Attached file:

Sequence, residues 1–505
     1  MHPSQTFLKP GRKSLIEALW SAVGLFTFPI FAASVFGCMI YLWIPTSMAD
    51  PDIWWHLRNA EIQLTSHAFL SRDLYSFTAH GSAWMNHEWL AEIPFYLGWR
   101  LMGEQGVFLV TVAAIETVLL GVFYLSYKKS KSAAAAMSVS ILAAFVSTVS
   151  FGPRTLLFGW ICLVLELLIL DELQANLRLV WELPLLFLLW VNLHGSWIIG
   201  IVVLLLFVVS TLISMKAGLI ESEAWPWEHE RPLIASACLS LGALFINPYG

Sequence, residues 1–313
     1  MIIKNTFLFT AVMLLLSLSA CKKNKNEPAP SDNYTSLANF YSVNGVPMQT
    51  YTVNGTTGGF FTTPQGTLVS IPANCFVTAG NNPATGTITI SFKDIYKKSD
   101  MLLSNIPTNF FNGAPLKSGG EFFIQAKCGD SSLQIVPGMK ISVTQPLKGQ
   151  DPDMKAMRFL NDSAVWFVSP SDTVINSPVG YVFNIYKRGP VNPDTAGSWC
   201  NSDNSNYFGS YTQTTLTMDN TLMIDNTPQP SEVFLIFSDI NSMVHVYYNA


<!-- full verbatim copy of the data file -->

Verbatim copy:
Sequence, residues 1–505
     1  MHPSQTFLKP GRKSLIEALW SAVGLFTFPI FAASVFGCMI YLWIPTSMAD
    51  PDIWWHLRNA EIQLTSHAFL SRDLYSFTAH GSAWMNHEWL AEIPFYLGWR
   101  LMGEQGVFLV TVAAIETVLL GVFYLSYKKS KSAAAAMSVS ILAAFVSTVS
   151  FGPRTLLFGW ICLVLELLIL DELQANLRLV WELPLLFLLW VNLHGSWIIG
   201  IVVLLLFVVS TLISMKAGLI ESEAWPWEHE RPLIASACLS LGALFINPYG

Sequence, residues 1–313
     1  MIIKNTFLFT AVMLLLSLSA CKKNKNEPAP SDNYTSLANF YSVNGVPMQT
    51  YTVNGTTGGF FTTPQGTLVS IPANCFVTAG NNPATGTITI SFKDIYKKSD
   101  MLLSNIPTNF FNGAPLKSGG EFFIQAKCGD SSLQIVPGMK ISVTQPLKGQ
   151  DPDMKAMRFL NDSAVWFVSP SDTVINSPVG YVFNIYKRGP VNPDTAGSWC
   201  NSDNSNYFGS YTQTTLTMDN TLMIDNTPQP SEVFLIFSDI NSMVHVYYNA